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Acne Advice GuideTypes of Acne - Acne Advice Guide - Doctor Fox

Types of Acne

Types of Acne

Acne affects most people at some point in their lives. Here are the most common terms, types and conditions.

Common Terms

  • Blackheads – These are the small black or yellowish bumps that develop on the skin
  • Whiteheads – These spots have a similar appearance to blackheads, although they can be firmer and have a white centre
  • Papules – These are small red bumps that often feel very sore and tender
  • Pustules – These are similar to papules except they have a white tip in the middle that is caused by a build-up of pus
  • Nodules – These are large, hard lumps that build up beneath the surface of the skin and are usually painful
  • Cysts – These are the most serious type of spot which is caused by acne, and are large, pus-filled lumps that look very similar to boils. Cysts post the largest risk of causing permanent scarring.

Adolescent Acne


Acne is the skin condition most associated with teenagers, and research has suggested that almost everyone going through adolescence has suffered from the odd pimple, whitehead or blackhead.

Acne most frequently occurs between the ages of 12 and 20, and is most prevalent in teens because of elevated hormone levels which stimulate the sebaceous glands (attached to hair follicles) and boost production of an oily substance known as sebum. This results in the skin bumps known as whiteheads, blackheads and pimples.

Acne usually starts between the ages of 10 and 13, generally lasts for 5 to 10 years and usually disappears between 20 and 25. In cases of more severe acne – such as nodular or cystic acne – it may not disappear until the age of 30 or beyond.

A tough time for teens

Acne can make teenagers feel socially awkward and isolated, as well as having a detrimental effect on their self-esteem.

A recent survey of British teenagers revealed:

  • 39% of teenagers with acne claimed they avoided going to school because of embarrassment
  • 55% of 11- to 18-year-olds said acne prevented them from having a boyfriend or girlfriend
  • 32% indicated acne stopped them from making friends

Treatment for teenage acne

Mild cases of acne can be treated and controlled by gently washing the affected areas.  Treatments such as benzoyl peroxide are also effective.  More serious acne may need to be looked at by a dermatologist, particularly if it doesn’t clear up within roughly 6 to 8 weeks.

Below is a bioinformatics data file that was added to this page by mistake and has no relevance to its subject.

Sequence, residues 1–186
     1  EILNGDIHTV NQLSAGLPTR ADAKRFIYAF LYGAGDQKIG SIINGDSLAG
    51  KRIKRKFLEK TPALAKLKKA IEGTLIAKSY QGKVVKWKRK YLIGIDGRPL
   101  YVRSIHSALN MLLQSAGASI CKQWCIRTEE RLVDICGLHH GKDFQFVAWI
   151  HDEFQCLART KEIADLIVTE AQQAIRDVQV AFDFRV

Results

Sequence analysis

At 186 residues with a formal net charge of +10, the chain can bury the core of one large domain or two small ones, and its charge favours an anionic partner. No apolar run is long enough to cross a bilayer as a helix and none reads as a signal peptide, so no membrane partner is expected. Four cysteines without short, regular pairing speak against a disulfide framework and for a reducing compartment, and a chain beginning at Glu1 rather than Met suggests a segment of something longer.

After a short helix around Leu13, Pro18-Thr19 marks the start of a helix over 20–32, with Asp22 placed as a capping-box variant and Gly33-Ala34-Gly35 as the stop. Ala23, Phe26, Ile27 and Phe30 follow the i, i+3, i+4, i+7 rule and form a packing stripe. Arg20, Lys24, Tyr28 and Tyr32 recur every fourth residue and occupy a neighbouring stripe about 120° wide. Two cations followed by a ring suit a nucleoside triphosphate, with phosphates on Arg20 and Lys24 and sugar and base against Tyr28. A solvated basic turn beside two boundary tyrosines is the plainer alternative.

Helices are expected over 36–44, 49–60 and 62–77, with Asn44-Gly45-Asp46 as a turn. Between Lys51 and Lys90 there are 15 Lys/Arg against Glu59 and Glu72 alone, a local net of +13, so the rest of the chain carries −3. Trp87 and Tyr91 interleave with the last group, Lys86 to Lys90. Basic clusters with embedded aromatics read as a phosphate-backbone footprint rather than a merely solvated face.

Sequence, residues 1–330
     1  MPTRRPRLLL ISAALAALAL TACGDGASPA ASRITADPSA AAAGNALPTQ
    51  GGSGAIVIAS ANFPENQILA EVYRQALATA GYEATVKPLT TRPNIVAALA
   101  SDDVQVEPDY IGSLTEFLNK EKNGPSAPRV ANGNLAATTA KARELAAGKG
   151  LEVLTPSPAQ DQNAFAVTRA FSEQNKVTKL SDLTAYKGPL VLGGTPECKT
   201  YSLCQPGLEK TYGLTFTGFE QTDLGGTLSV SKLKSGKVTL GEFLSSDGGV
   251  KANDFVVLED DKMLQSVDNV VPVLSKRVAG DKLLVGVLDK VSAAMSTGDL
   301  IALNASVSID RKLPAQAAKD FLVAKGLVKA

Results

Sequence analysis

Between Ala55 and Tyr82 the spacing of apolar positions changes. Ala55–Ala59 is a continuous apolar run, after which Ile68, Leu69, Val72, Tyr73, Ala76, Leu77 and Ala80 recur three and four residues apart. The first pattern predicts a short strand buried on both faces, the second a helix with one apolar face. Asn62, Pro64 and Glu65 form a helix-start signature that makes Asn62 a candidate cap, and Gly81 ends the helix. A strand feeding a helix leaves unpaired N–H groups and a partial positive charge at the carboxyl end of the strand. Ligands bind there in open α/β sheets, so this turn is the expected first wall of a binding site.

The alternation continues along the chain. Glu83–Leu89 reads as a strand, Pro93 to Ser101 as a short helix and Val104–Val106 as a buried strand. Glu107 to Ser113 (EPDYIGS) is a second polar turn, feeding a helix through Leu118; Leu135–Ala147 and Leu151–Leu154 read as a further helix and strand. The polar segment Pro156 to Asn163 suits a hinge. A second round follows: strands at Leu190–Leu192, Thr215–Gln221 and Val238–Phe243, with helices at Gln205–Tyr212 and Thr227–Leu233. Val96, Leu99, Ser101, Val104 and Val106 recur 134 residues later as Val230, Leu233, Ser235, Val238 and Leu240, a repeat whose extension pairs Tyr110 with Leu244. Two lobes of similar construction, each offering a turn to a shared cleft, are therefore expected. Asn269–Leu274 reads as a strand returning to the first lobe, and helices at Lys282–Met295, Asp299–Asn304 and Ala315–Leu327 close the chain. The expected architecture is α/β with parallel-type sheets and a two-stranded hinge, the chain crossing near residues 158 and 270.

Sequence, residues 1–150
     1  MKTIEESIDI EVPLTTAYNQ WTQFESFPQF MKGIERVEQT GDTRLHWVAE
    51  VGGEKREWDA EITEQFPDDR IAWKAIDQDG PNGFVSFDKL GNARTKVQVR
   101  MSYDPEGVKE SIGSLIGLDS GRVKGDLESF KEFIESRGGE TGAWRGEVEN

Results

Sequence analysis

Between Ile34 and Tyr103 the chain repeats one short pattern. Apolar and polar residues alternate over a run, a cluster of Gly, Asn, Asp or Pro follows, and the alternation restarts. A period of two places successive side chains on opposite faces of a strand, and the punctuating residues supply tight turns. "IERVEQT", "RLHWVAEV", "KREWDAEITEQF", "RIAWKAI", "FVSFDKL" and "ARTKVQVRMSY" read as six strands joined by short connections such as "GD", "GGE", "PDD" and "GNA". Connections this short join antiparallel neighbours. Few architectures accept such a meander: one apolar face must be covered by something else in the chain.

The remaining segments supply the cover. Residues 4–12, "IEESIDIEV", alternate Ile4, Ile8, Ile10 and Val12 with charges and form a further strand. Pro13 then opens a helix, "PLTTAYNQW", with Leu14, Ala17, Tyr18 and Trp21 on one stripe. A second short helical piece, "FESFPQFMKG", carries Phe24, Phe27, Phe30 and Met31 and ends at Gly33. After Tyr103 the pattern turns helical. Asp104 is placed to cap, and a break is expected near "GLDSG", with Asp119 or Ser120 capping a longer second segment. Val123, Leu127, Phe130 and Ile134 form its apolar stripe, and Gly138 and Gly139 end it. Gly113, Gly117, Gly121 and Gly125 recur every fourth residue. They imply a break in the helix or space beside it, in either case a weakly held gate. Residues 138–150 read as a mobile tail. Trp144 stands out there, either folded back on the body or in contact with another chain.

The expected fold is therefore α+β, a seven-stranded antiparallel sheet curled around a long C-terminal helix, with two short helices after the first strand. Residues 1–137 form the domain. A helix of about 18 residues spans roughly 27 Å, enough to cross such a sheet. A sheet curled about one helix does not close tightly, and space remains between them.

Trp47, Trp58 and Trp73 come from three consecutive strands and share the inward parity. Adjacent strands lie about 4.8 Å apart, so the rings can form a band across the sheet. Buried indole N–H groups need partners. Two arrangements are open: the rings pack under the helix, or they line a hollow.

Excoriated Acne

Acne spots

The definition of the word ‘excoritate’ is to damage or remove part of the surface (of the skin), so it’s no wonder this particular type of acne is also sometimes referred to as Picker’s acne.

Excoriated acne may seem mild to the casual observer, but to the sufferer they’re overcome with the uncontrollable compulsion to constantly scratch, pick and squeeze the blemishes. This in itself is a medically recognised condition that should be discussed with a dermatologist, although giving in to the temptation to squeeze acne is not in itself a sign it’s of the excoriated kind.

Infantile Acne


Whilst acne is primarily a condition we associate with teenagers, it can, in fact, occur at a much earlier stage in life in the form of infantile acne.

A newborn baby can suffer from an eruption of acne on the nose and cheeks – and occasionally small pustules – generally the result of hormonal changes that happened as the foetus was developing.

Infantile acne usually clears up within a few weeks without any kind of treatment.

When to consult a physician

If a newborn or infant suffers from a case of acne that lasts for more than several weeks, they should be looked at by the child’s dermatologist or paediatrician. In more extreme cases and if the acne becomes severe, the child should be referred to a paediatric dermatologist or endocrinologist.

Infantile acne is often hereditary or caused by premature hormone production or growth and development abnormalities.


Infantile acne is treated in pretty much the same way you use teenage acne – by cleansing the skin regularly and treating it with topical agents.  Occasionally, and only in rare cases, antibiotics are prescribed.

Pomade Acne

Problems with the skin

Peer pressure is an albatross around the neck of practically every teenager, and they all like to think they’ve got their finger on the pulse of prevailing, hip fashions and trends.

Hair styles are a case in point – and a teen’s predilection for keeping their barnet neatly coiffured often necessitates the application of a thick, oily dressing known as pomade.

Generally used for hair that needs straightening or moulded into various shapes or styles, they can also result in the unfortunate and unsightly side effect of pomade acne. This usually consists of comedones, possibly pustules or fewpapules.

The majority of pomades are categorised as comedogenic – or pore clogging – hair dressings and cosmetics, and some of the chemicals in them can also irritate and inflame the skin.